Animator-Led Tour of "Possible Futures" at the Leamington Arts Centre
Saturday, November 22, 2014 | 2 pm – 3 pm
Join our Triennial Animator for a tour of the art projects at the Leamington Arts Centre, 72 Talbot Street West, Leamington, Ontario. FREE admission!
About the Artists and Artworks:
Arturo Herrera was born in Tegucigalpa, Honduras. Since 1999, Herrera has lived in the United States and Canada and is currently living in Windsor, Ontario. He is a multidisciplinary artist working in sculpture, performance, socially-engaged projects and photography. In the parkette outside the Leamington Arts Centre, passersby will find a beautifully, hand-carved street sign of Leamington, which is part of Herrera's three-part art work composed of three street signs for LaSalle, Leamington and Windsor. Simply titled Corn Fields, the signs are placed at three exhibition sites - The Art Gallery of Windsor, Leamington Arts Centre and the Vollmer Culture and Recreation Complex (LaSalle). The project acknowledges the ongoing importance of corn fields in our local economies, traditionally and in our present day. Herrera explores the power of public signage to transform public awareness in this work: From afar, the artwork resembles a standard street sign, upon looking closely, the intricacies of the handmade sign reveals itself to the audience. Using the image of corn as a symbol of the region, Herrera reinstates the importance of cornfields not only for the identity and culture of the region, but also to our changing ecology.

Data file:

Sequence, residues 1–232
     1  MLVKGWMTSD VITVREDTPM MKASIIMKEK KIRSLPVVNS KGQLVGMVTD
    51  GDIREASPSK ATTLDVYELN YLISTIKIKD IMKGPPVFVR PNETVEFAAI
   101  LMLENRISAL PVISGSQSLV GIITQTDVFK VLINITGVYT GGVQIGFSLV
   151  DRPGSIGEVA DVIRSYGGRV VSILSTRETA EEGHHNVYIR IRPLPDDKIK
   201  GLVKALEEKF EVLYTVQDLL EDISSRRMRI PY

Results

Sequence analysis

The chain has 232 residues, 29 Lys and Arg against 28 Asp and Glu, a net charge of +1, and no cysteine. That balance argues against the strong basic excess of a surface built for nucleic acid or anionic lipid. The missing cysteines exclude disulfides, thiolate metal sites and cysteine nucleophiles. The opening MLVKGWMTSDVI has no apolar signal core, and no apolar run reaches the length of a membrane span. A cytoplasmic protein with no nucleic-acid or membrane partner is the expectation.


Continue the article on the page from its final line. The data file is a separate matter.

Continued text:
Jennifer Willet is an Associate Professor in the School for Arts and Creative Innovation, University of Windsor since 2008. Her work resides at the intersection of art and science, and explores notions of representation, the body, ecologies, and interspecies interrelations in the emerging field of bioart.
Windsor Yeast (2008-2014) is an ongoing bioart project where Willet collects yeast samples from the community in the regions of Windsor-Essex and Detroit. The project makes visible to audiences the microorganisms we share our communities with every day. The yeast samples are grown in her lab at the University of Windsor in petri dishes backed with photographs and historical images of this area. The project was inspired by the smell of yeast from the Hiram Walker and Sons Distillery that infuses the air regularly in Willet's Walkerville neighbourhood in Windsor. For Willet, the smell of yeast signals the imagining of how we may be permeated with the molecules of a robust industrial biotechnological by-product. At the same time, she recalls with nostalgia the fermenting of wine and beer with her father in the basement of her family home. Windsor Yeast applies both a critical and a nostalgic lens to the post-industrial terrain of Windsor-Essex and Detroit, literally growing colonies of yeast over images of her adopted community. This project has grown to include satellite workshops in other cities including Hamilton Yeast (2010), Montreal Yeast (2014), and Amsterdam Yeast (2013). Willet invites audiences to participate in her forthcoming Leamington Yeast (2014) workshop on November 8, 12 - 4 pm.